$67,369 – $70,909 5.0%
$70,910 – $76,222 5.5%
$76,223 – $82,550 6.0%
$82,551 – $86,894 6.5%
$86,895 – $95,626 7.0%
$95,627 – $101,899 7.5%
$101,900 and above 8.0%

These rates are identical to those that apply to taxpayers who remain in Australia. As with resident taxpayers, non-resident taxpayers may also make voluntary repayments.









Australia’s Diverted Profits Tax now Law

The following article originally appeared on the FTI Tax website in April 2017.


On 4 April 2017, the Diverted Profits Tax Bills received Royal Assent and became Australian Acts No. 21 and 27 of 2017. The new law applies to income years commencing 1 July 2017 (whether or not a relevant transaction entered into before that date) and targets ‘significant global entities’ that have a global income of more than A$1 billion and an Australian income of more than A$25 million and provides for 40% tax on diverted profits; 30% franking; payment of tax to object; 12 months to supply documents in defence; and with limited rights of appeal.
The Diverted Profits Tax (DPT), first announced in the 2016-17 Federal Budget, is the latest in a raft of measures (including the Multinational Anti-Avoidance Law (MAAL)) designed to combat multinational tax avoidance.
The Australian Treasury indicates there are approximately 1,600 taxpayers with income sufficiently large to potentially fall within the scope of the new law, though it is expected that the DPT will apply in only very limited circumstances. Treasury estimates that the tax will raise A$100 miilion in each of the 2018-19 and 2019-20 financial years.
When will DPT apply
The DPT will apply to an entity if, broadly:
• It is reasonable to conclude that a scheme (or any part of a scheme) was carried out for a principal purpose of, or for more than one principal purpose that includes, enabling a taxpayer (the relevant taxpayer) to obtain a tax benefit. This ‘principal purpose’ threshold is lower than the ‘sole or dominant purpose’ threshold that applies for Part IVA anti-avoidance purposes (Australia’s GAAR). Taxpayers may however provide evidence to support the non-tax financial benefits of the scheme;
• The relevant taxpayer is a ‘significant global entity’ (i.e. it has annual global income of A$1 billion or more being either a global parent entity or member of a group of entities consolidated for accounting purposes) for theincome year in which it would obtain the tax benefit;
• A foreign entity that is an associate of the relevant taxpayer entered into, carried out or is otherwise connected to the scheme or part of it. Therefore, the DPT will not apply to a scheme with which only Australian entities are connected; and
• The relevant taxpayer obtains a tax benefit (as defined for Part IVA purposes) in connection with the scheme.
When will DPT not apply
The DPT will only apply if it is reasonable to conclude that none of the following tests are satisfied:
The $25 million turnover test
The DPT does not apply where it is reasonable to conclude that the Australian turnover of the relevant taxpayer and other entities that are members of the same global group does not exceed A$25 million. This test has been broadened to take into account the Australian assessable income of foreign entities (not just Australian entities) that are part of the same global group.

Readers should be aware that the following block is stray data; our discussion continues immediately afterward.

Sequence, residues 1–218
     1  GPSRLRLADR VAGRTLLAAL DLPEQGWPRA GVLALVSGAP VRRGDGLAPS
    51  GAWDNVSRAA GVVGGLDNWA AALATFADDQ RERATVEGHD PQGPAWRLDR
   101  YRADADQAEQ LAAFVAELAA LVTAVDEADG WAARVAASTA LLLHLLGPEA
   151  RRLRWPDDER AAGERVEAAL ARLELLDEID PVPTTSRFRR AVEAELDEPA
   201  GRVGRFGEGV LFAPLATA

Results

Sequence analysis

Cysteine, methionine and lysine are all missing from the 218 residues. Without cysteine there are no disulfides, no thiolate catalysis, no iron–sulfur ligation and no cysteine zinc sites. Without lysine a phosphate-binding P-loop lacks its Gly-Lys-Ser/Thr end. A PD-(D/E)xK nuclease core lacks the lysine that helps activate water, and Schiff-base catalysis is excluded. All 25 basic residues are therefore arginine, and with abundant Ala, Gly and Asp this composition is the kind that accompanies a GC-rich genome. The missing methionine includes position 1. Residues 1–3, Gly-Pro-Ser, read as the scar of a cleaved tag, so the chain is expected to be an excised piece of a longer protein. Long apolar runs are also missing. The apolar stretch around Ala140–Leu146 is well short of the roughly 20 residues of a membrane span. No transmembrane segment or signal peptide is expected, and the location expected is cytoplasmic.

The sufficient foreign tax test
The DPT does not apply where it is reasonable to conclude that, in relation to the scheme, the increase in foreign tax liability is equal to or exceeds 80% of the corresponding reduction in the Australian tax liability. To work out the amount of the increased foreign tax liability, it is necessary to consider any specific tax relief provided by a foreign country to relation to the scheme. Where the tax benefit is an allowable deduction and the taxpayer must withhold an amount in respect of withholding tax, the Australian tax liability is reduced by the amount withheld.
We note that many countries currently have a corporate tax rate that is equal to or less than 24% (i.e. 80% of Australia’s 30% rate). These include the United Kingdom, Russia, Croatia, Sweden, Hungary, the Czech Republic, Singapore and Hong Kong. The United States will be added to this list if President Trump’s tax policies are enacted.
The sufficient economic substance test
The DPT does not apply where it is reasonable to conclude that the profits derived, received or made as a result of the scheme reasonably reflects the economic substance of the entity’s activities in connection with the scheme, having regard to the functions, assets used and risks assumed by the entity. For the purposes of applying this test, consideration should be given to the OECD transfer pricing guidelines.
A carve-out has also been created for managed investment trusts, foreign collective vehicles with a wide membership, foreign entities owned by a foreign government, complying superannuation entities and foreign person funds.
Interaction with the thin capitalisation and CFC provisions
The DPT’s interaction with the thin capitalisation and controlled foreign company (CFC) provisions have been clarified. In particular;
•If a taxpayer is subject to the thin capitalisation provisions and the DPT tax benefit includes a debt deduction, when calculating the DPT tax benefit, the rate is to be applied to the debt interest actually issued (rather than to the debt interest that would have existed if the scheme had not been carried out).
• In relation to the CFC provisions, where an amount of attributable income is included in the assessable income of the relevant taxpayer or their associate, it should be excluded from the taxpayer’s DPT tax benefit.
If DPT applies